In this chapter we begin using QGIS. We’ll see how to install the software and understand the layout, interface and core functions of the software. By the end of this chapter, you’ll be on your way to becoming a competent GIS user!
Note that if you have previously installed QGIS, feel free to skip ahead to section three. Otherwise, let’s start here and get QGIS installed.
The QGIS website will look something like this:
QGIS will begin to install. It may take a few minutes to complete.
QGIS will look something like this:
Next we will open up a QGIS project, and take a look at the different pieces of the QGIS interface. If you installed InaSAFE previously, make sure it is closed by clicking on the X in the upper right corner of the InaSAFE panel. If it isn’t open or you haven’t installed it yet, carry on. We will come back to this later.
This is the window where the map is shown. Our project has two different files open, one which shows districts of the Sleman regency, and another that shows the railway line running through the area. Both of these files are drawn together in the map canvas.
On the left side of QGIS is the layers list. This lists the layers, or files, that are loaded into our QGIS project. In this project, we have two layers, Kecamatan_Sleman and railway_Sleman_OSM.
The layers panel not only shows all the files that are currently open, it also determines the order that they will be drawn on the map canvas. A layer that is at the bottom of the list will be drawn first, and any layers above it will be drawn on top.
Notice how the map canvas changes. The railway layer is now shown below the district layer, and part of the railway is now obscured. A map should never show railway hidden beneath district areas, so go ahead and move the layers back.
At the top of QGIS are a large number of tools, which are contained within various toolbars. For example, the File toolbar allows you to save, load, print, and start a new project. We already used one of these tools when we opened this project.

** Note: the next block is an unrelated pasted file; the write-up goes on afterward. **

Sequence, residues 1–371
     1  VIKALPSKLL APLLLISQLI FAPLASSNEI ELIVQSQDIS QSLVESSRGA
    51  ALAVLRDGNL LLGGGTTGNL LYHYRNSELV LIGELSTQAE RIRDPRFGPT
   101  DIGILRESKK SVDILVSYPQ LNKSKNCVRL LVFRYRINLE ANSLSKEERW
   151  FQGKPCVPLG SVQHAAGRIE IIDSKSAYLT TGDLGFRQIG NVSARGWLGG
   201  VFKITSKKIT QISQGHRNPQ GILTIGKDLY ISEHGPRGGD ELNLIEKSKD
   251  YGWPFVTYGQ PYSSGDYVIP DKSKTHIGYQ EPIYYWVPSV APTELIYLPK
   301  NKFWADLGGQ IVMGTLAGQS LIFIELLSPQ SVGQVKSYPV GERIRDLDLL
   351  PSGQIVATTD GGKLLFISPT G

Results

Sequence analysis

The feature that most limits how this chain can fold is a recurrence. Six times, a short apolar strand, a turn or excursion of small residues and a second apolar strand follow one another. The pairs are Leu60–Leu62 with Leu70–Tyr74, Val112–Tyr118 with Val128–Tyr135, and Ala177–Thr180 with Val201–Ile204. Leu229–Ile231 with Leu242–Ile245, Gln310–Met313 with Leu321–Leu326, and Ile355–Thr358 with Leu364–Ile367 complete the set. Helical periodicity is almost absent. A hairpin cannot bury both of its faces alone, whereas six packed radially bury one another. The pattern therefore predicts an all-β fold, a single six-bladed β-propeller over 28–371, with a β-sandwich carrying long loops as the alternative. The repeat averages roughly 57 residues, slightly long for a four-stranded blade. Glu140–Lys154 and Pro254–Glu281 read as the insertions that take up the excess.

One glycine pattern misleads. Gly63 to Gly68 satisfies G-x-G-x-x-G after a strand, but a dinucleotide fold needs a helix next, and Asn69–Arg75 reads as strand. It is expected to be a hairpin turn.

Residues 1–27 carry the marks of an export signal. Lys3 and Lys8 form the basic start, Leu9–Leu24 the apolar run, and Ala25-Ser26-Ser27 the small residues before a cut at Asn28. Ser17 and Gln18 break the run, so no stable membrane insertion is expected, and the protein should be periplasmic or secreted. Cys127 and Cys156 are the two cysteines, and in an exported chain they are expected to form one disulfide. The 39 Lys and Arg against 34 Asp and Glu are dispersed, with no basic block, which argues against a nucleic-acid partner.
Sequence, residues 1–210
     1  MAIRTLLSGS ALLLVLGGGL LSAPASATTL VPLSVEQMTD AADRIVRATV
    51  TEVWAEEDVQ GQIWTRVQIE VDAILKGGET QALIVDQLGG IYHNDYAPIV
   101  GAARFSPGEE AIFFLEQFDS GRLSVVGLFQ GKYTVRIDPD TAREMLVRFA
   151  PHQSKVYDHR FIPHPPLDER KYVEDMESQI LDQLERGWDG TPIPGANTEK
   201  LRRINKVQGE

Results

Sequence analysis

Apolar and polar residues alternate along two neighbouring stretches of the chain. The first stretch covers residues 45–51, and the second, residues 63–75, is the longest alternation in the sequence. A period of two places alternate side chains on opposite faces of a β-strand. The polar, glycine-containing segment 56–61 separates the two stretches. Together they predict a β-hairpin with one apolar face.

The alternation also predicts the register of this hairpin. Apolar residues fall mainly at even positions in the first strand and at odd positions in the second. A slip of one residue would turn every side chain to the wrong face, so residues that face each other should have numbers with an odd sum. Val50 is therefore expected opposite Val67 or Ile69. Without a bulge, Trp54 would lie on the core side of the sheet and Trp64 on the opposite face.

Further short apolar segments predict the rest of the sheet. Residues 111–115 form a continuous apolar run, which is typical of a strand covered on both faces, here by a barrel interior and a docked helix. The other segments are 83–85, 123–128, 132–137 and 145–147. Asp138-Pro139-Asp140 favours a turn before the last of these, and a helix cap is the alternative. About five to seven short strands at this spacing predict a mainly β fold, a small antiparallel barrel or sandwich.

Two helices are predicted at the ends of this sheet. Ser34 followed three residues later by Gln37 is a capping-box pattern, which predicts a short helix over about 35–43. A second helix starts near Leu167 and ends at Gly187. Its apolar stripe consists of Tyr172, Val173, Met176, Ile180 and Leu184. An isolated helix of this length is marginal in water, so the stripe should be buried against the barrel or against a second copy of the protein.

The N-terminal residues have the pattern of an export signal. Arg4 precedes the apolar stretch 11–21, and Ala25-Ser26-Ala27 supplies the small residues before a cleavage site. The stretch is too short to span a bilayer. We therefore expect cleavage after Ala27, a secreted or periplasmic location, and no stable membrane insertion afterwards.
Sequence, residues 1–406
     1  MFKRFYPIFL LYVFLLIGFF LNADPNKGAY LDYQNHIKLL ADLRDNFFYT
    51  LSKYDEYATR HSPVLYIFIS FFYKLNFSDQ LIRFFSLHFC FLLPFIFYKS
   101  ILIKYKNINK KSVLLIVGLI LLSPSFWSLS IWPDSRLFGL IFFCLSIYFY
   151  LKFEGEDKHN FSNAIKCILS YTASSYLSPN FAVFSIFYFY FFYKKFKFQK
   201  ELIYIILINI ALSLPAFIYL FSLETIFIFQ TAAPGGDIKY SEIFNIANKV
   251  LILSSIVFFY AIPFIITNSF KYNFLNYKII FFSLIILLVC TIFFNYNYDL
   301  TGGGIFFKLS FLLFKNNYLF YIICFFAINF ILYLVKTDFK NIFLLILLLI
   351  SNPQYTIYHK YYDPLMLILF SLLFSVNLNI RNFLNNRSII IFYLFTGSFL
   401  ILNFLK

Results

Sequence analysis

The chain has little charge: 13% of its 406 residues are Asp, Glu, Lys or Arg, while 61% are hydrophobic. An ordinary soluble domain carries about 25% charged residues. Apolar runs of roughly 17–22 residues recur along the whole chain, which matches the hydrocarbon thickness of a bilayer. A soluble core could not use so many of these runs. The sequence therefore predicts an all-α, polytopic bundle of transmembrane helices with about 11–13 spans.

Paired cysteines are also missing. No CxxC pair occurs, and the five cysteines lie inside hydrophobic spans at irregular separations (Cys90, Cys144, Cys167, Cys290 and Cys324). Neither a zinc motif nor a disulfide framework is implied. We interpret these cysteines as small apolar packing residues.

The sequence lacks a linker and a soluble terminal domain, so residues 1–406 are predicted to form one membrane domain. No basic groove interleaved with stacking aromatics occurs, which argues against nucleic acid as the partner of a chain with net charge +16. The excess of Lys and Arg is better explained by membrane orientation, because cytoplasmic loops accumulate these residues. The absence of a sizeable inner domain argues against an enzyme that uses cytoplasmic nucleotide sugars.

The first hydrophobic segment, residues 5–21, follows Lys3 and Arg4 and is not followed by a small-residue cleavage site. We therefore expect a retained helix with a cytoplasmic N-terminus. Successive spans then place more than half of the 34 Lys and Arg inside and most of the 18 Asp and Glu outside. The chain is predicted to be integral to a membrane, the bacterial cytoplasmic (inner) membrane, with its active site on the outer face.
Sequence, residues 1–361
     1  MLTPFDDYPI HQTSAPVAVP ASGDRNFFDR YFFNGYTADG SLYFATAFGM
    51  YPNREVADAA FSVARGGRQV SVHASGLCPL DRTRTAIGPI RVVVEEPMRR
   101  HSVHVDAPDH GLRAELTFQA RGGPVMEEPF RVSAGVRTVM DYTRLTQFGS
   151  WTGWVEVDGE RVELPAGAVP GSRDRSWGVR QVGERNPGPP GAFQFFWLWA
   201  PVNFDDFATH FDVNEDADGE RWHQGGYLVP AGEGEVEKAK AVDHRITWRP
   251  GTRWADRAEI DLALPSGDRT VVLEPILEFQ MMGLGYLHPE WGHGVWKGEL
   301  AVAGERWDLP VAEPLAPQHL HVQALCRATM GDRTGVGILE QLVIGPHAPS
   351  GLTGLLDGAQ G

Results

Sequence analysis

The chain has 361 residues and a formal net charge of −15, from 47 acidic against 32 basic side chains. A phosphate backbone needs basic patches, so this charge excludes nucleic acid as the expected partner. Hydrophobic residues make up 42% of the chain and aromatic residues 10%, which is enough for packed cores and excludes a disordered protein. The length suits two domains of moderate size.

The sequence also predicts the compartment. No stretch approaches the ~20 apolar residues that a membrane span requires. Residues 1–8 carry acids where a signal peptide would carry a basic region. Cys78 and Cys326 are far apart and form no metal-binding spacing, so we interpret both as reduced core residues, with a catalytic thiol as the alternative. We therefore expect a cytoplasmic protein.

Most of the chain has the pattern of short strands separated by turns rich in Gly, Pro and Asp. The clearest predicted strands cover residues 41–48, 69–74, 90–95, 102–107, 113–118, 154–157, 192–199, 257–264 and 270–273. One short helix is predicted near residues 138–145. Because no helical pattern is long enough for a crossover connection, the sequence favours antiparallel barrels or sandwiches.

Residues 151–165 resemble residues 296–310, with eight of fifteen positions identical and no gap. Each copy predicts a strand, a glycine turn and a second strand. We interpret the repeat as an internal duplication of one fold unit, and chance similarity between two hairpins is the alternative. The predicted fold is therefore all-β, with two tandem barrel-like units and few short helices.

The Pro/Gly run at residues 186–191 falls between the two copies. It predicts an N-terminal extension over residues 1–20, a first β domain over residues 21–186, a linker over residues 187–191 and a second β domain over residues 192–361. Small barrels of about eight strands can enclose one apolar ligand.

By hovering your mouse over an icon, the name of the tool will appear to help you identify each tool.
The number of tools (buttons) can seem a bit overwhelming at first, but you will gradually get to know them. The tools are grouped into related functions on toolbars. If you look closed you can see a vertical array of ten dots to the left of each toolbar. By grabbing these with your mouse, you can move the toolbar to a more convenient location, or separate it so that it sits on its own.
If you feel overwhelmed by the number of toolbars, you can customize the interface to see only the tools you use most often, adding or removing toolbars as necessary.
Let’s remove some of the toolbars that we will not be using in this training, to make the interface a bit cleaner. Right-click on the toolbar, and uncheck the boxes next to the following toolbars:
- Advanced Digitizing
After removing these toolbars and moving them around, your tools should look like this:
Even if they are not visible in a toolbar, all of your tools will remain accessible via the menus. For example, if you remove the File toolbar (which contains the Save button), you can still save your map by going to Project ‣ Save.
The status bar shows information about the current map. It allows you to adjust the map scale and see the mouse cursor’s coordinates on the map.